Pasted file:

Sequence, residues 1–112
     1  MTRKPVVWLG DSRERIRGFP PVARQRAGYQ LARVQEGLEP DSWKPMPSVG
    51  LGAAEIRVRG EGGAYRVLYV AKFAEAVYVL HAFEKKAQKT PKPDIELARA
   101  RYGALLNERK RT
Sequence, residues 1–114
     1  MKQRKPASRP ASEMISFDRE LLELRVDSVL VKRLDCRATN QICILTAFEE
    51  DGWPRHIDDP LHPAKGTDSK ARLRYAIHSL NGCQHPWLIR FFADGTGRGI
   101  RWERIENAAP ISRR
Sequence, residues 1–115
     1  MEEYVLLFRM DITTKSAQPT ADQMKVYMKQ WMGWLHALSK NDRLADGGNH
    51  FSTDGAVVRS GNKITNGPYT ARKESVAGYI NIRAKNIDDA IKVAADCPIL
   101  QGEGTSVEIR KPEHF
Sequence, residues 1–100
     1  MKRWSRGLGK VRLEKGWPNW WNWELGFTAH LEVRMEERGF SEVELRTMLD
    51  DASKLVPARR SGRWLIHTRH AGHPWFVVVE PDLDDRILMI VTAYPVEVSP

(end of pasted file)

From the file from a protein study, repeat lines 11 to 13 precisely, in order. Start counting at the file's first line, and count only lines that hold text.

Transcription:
    51  FSTDGAVVRS GNKITNGPYT ARKESVAGYI NIRAKNIDDA IKVAADCPIL
   101  QGEGTSVEIR KPEHF
Sequence, residues 1–100